How social VR is revolutionizing the senior care sector
As virtual reality has become more accepted over time, the use cases for this technology have become increasingly diverse. VR in nonpharmaceutical healthcare has been used in various ways, from treating mental health to pain management.
According to Verified Market Research, the virtual reality in healthcare market (valued at USD 2.14 billion in 2019) is expected to reach USD 33.7 billion by 2027, with many medical institutions expected to adopt the technology at scale within the next 10 years.
To discuss how VR is changing the healthcare landscape, we invited Tom Neumann, CTO/Co-founder at Rendever, a virtual reality platform designed to treat elderly patients, to share his insights.
Rendever has taken a unique approach to a specific segment of the population. According to Neumann, by working with senior living communities, Rendever has found a way to enhance the quality of life for those who spend a great deal of time isolated from the world they could once readily explore.
It’s known that social isolation and a lack of access to the world is a massive problem within senior care. VR is fundamentally the ability to be in another place, so it is ideal for addressing this problem for people who can’t quickly get around.
Neumann tells us that Rendever also incorporates reminiscence therapy into its platform. For example, residents within a senior living community who can no longer revisit the places they care about can now stand in front of their childhood home or tour a family vacation spot again in a VR headset. Add to that the ability to share those moments with others in that immediate community, making for a compelling experience.
Often people are leaving their family and friends behind when they move into senior living communities. They are with a new group of people that they don’t know, which results in less meaningful social interaction and takes a toll on the individual’s emotional and psychological needs.
However, through immersive VR, residents can bring the people they are now with back to their old neighborhood and show others a little bit of themselves and their lives.
Ultimately, the core of connecting to another person is a common shared experience. Whether it’s bringing others back to a familiar place or taking them on a new virtual adventure, the platform creates positive, enjoyable experiences that are not otherwise possible in a senior living setting.
One of the obstacles with engagement is that not everyone sees cutting edge tech and seniors going hand in hand. To overcome skepticism, ease of use has become the primary focus. Seniors may not have grown up with computers and gaming devices, so dissecting possible entry barriers is critical.
For example, the controllers themselves presented a challenge for some users. For others navigating a virtual interface proved to be a steep learning curve. Rendever conducted the research and trials to ensure that interaction was straightforward. Even if a user is not comfortable with certain aspects of the device, they can still have a quality experience with the technology. Neumann adds:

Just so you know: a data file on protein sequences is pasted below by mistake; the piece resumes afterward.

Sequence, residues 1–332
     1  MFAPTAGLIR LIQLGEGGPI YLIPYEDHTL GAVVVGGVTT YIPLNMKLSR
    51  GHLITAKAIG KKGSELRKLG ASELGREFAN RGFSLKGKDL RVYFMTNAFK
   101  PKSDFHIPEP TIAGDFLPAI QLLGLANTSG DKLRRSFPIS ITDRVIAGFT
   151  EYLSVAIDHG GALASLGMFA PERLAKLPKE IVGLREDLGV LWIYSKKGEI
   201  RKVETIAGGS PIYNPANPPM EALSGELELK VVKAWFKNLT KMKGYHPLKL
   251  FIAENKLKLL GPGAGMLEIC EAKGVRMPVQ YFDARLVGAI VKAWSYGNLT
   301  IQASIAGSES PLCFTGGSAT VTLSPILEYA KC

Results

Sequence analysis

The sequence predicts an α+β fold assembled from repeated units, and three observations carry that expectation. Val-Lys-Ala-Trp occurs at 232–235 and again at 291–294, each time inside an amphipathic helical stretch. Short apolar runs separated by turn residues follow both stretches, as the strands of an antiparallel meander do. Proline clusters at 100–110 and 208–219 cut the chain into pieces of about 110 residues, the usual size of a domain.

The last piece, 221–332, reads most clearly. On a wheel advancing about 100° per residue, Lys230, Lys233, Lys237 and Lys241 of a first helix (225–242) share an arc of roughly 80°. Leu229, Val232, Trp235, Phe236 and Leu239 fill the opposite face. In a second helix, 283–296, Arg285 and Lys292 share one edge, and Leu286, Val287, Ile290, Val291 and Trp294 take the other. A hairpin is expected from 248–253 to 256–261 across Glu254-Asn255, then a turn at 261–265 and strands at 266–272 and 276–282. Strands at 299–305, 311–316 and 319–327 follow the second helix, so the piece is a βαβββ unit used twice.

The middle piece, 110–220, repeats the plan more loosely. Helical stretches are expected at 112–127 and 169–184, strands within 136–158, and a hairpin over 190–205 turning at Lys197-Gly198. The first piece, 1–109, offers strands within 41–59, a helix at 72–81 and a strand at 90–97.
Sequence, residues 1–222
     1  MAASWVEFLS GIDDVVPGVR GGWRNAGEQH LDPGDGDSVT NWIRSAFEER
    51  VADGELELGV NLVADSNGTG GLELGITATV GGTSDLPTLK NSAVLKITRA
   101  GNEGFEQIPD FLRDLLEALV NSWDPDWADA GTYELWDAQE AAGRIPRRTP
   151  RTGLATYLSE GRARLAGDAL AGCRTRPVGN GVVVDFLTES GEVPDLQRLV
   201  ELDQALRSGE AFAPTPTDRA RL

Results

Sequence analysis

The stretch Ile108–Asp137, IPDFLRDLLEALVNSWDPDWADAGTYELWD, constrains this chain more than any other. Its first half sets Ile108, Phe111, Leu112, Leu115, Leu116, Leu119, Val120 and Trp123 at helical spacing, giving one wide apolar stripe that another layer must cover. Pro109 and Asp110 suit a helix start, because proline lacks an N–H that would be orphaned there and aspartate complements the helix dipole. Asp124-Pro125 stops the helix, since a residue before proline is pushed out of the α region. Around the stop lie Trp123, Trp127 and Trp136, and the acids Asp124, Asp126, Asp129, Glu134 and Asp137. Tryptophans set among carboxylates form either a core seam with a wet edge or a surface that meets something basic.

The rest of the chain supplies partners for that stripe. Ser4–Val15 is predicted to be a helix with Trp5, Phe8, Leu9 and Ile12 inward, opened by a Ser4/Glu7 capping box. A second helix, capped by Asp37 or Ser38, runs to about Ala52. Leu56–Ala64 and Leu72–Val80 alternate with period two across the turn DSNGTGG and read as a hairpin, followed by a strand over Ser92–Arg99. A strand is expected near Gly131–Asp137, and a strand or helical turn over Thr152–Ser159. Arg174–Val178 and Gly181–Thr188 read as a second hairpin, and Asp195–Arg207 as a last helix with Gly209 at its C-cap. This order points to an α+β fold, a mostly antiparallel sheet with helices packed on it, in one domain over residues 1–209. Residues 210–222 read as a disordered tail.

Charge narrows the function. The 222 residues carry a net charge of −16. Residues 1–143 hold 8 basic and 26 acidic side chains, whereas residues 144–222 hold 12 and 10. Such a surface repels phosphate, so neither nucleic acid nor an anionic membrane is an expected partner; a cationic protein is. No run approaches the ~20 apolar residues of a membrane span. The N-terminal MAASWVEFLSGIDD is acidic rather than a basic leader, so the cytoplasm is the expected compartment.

“We did a lot of work to make sure the user interface was accessible and easy to use. If anyone isn’t comfortable with the tech, they can still put on the headset and participate in the experience”
An additional hurdle for adoption is that senior living communities do not traditionally have the best technical infrastructure. High resolution is required for quality VR video to be used optimally, especially with multiple headsets in use on the same Wi-Fi network.
To remediate network restrictions within most senior communities, Rendever developed technology to synchronize the VR video in a way that does not monopolize the bandwidth. This way, VR content can be accessed from the cloud, and staff can perform other facility operations.
In 2020, with the onset of COVID, a new set of obstacles emerged. Normally sessions run in groups as part of the residents’ regular activity schedule. Headsets would be shared amongst multiple people in one room. With the gravity of COVID restrictions for a vulnerable population, that was no longer an option.
Rendever also developed new features to allow for voice communication between headsets. If people were in different rooms or even on another continent, their cloud-based platform could safely and flexibly provide immersive social interaction.
There is a push to use technology to improve the quality of life within senior living communities in more tech-savvy ways. Whether it’s implementing VR, smart home devices, or digital record-keeping, senior citizens will engage with advanced technology like never before. Neumann states:
“With the evolution in the technology things will become more convincing. Real world imagery will eventually have parallax which means you can move around in it, making it a more immersive and powerful experience”
There are developing prospects for AI that enables better fall detection. Even brain-computer interfaces are beginning to enter the conversation of what’s possible with VR. All of these promising developments bring new excitement to the realm of social VR.
Increased ease of use and improved accessibility can connect seniors to a world that can often seem out of reach.
For more examples of how Rendever is changing the healthcare space for seniors and adult caregivers, check put the company’s blog.